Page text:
After a short regroup at our hotel, Piph and I decided to take advantage of our day off and set out to see some of the sights that Mohammed had recommended. We hailed a friendly cab driver and set a course for the Kasbah de Oudayas (a large fortress city in Rabat on the edge of the atlantic ocean). The cab driver knew about as much English as I do French, so we combined our powers to talk about (or at least mention) music, the weather, where Arkansas is in America, Texas, the rodeo, Bill Clinton, and the Kasbah. When we arrived, we found ourselves surrounded by a breathtaking scene: a huge castle fortress wall (dating back to 1150 AD) overlooking the vast Atlantic Ocean at sunset. We walked inside the walls and found beautiful (though somewhat damaged) blue and white buildings, seemingly unchanged for hundreds of years. We bought and ate a delicious Moroccan donut and walked outside of the Kasbah towards the central part of town. We stumbled upon a huge network of maze-like streets called a medina, lined with a vast market of street vendors selling everything from purses, jackets, scarfs, rugs, jewelery, musical instruments, wooden boxes, freshly cooked food, and more at low and negotiable prices. We wandered through this maze for over an hour, viewing various items and eating four sandwiches before taking a cab back to the hotel to rest for the next day’s work. I am utterly enchanted by this city so far. It seems to be a simultaneously ancient and modern place populated with warm, friendly, fun-loving people.
THURSDAY, Feb. 5
Today I woke in time to enjoy the complimentary breakfast in the restaurant of our hotel, a delightful buffet of fresh fruits, vegetables, sliced meats, sausages, eggs, crepes, and pastries with fresh squeezed orange juice and hot mint tea to drink. I could really get used to this. After breakfast we went to a local Rabat theatre to meet and rehearse with the Casablancan musician Barry Maroc for a show tomorrow night. As soon as we all met him (and despite a large language barrier) Barry revealed himself instantly as a warm, happy, sincere and energetic presence. Rehearsal went without a hitch as he was able to sing/rap along to our songs and we were able to quickly learn and play his songs. The result was a solid fusion of Hip-Hop, Reggae, Rock, Funk, and traditional Moroccan music that was extremely fun and exciting to be a part of. We closed the rehearsal with an improvised jam which started with Barry playing a droning groove on a traditional Moroccan Bass instrument. Each of us slowly crept in to the aural landscape, careful to add the right piece to the swelling sound. Barry sang a simple but profound major melody in what I can only describe as a spiritual tone, Dre filled in the spaces with rapid and smooth keyboard fills, Epiphany added a flowing rap verse, I mimicked Barry’s melody while droning on an open guitar string, Corey and Paul locked in on a groove so tight it was almost invisible, and each of us were swept away to that magical, mysterious, ecstatic place visited only by lovers, artists, athletes, and drunks: The Zone. Up until this rehearsal, we were happy to be in morocco, but still quite clearly foreigners everywhere we went; for these four hours, we were at home.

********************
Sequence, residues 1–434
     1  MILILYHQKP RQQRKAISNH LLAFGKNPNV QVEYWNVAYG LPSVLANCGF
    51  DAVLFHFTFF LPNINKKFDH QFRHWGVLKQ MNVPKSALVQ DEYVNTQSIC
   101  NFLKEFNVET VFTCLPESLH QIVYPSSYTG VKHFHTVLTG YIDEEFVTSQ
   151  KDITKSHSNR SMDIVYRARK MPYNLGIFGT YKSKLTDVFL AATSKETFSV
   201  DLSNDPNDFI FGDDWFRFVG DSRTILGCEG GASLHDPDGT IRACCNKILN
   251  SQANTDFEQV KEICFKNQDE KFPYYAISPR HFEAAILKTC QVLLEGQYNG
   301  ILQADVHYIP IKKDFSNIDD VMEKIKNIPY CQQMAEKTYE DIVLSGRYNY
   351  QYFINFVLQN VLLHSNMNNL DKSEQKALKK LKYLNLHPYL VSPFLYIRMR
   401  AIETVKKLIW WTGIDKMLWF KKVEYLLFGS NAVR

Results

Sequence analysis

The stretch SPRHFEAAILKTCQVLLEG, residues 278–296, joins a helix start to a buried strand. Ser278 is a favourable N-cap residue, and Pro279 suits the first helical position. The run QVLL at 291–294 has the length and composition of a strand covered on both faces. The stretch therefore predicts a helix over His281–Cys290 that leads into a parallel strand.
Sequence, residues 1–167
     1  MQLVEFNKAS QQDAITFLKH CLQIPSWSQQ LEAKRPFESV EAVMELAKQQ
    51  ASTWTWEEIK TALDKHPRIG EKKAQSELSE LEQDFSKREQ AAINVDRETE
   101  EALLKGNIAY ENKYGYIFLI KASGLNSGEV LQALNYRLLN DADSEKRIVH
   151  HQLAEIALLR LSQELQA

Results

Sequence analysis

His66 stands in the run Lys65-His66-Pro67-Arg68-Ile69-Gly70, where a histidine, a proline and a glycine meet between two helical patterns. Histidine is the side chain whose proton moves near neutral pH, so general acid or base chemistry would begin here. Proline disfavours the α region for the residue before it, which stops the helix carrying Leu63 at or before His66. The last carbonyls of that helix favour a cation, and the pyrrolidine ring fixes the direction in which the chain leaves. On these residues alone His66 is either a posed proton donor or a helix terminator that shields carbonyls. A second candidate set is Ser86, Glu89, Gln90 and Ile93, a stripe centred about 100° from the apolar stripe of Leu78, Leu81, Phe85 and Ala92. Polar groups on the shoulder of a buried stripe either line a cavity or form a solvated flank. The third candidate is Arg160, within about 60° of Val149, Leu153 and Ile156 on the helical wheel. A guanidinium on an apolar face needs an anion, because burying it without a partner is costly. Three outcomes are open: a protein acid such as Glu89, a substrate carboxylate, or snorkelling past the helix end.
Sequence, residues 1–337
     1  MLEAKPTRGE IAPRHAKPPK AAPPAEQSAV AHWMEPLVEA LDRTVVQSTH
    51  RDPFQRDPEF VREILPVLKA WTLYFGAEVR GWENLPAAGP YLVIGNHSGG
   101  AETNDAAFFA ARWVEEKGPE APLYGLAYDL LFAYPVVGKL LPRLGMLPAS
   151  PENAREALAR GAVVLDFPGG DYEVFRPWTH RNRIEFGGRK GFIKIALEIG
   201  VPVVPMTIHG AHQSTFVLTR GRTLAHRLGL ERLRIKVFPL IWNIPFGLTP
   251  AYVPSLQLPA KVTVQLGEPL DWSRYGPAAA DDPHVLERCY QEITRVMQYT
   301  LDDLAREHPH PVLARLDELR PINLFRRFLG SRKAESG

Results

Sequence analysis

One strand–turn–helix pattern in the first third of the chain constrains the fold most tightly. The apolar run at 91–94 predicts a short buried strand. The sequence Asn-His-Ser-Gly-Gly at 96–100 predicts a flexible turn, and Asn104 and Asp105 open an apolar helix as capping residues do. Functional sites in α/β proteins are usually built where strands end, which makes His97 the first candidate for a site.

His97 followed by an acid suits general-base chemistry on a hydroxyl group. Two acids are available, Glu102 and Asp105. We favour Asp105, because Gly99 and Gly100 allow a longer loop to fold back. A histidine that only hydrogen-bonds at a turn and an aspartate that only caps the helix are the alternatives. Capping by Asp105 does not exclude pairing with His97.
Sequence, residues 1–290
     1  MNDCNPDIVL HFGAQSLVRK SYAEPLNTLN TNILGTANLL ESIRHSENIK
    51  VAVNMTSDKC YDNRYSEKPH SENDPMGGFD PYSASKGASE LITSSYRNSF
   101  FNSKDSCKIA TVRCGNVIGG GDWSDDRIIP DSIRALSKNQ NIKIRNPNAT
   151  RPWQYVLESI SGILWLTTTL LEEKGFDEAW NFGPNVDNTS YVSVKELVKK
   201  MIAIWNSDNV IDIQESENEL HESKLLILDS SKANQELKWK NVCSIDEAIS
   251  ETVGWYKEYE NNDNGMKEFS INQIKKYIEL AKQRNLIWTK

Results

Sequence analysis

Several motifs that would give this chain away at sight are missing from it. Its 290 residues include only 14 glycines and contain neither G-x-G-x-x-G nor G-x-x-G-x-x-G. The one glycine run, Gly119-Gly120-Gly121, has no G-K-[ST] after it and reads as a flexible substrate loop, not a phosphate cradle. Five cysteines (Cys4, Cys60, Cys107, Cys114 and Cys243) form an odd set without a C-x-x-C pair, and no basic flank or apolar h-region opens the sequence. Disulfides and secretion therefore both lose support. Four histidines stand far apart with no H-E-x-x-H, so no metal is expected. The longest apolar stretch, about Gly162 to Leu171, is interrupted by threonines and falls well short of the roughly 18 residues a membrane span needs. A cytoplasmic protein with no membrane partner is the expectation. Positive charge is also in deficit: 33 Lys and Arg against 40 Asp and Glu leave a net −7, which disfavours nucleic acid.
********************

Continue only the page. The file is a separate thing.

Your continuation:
The five of us spent the rest of the daylight basking our music-induced high and taking in more Moroccan sights and tastes. We went to the Ocean and walked out on a huge rock pier, taking pictures and marveling at both the beauty of the endless water and the hundreds of years old Moroccan architecture lining the coast. We explored the markets, ate more sandwiches, and finally took a long walk back to the hotel, exhausted and ready to relax. Tomorrow is our concert with Barry (the first of our tour), and I am extremely excited and hopeful to match the wonderful energy of today in front of a live audience.
FRIDAY, Feb. 6
Dre, Corey, Piph, and I started the day off with an intense workout at a beautiful park down the street from our hotel. After breakfast Piph and I went in search of a traditional Moroccan bath-house called a Hammam — we followed a recommendation from the hotel staff, hailed a cab, and found the discrete Marasa Hammam in downtown Rabat. Upon entering what looked exactly like a men’s locker room, we were met with confused looks from both the patrons and employees. With much difficulty we discerned that we needed our own towels, soap/shampoo, and probably a swimsuit or change of clothes. We took a loss on the day’s Hammam adventure and wandered back to the medina where we again found our staple Moroccan food, the street-side fried fish sandwich (three each in three days). After the sandwiches we ate dessert (I had chocolate cake, and Piph got a pizza), and then took a cab back to the hotel.